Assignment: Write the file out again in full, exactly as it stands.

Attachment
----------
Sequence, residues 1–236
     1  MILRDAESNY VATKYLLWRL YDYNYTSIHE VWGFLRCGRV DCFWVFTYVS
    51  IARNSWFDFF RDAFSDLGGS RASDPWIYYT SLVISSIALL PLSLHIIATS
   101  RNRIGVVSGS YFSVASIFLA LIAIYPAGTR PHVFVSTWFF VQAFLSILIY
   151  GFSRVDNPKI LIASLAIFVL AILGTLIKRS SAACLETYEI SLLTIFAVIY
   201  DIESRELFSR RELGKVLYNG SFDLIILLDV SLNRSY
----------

Sequence, residues 1–236
     1  MILRDAESNY VATKYLLWRL YDYNYTSIHE VWGFLRCGRV DCFWVFTYVS
    51  IARNSWFDFF RDAFSDLGGS RASDPWIYYT SLVISSIALL PLSLHIIATS
   101  RNRIGVVSGS YFSVASIFLA LIAIYPAGTR PHVFVSTWFF VQAFLSILIY
   151  GFSRVDNPKI LIASLAIFVL AILGTLIKRS SAACLETYEI SLLTIFAVIY
   201  DIESRELFSR RELGKVLYNG SFDLIILLDV SLNRSY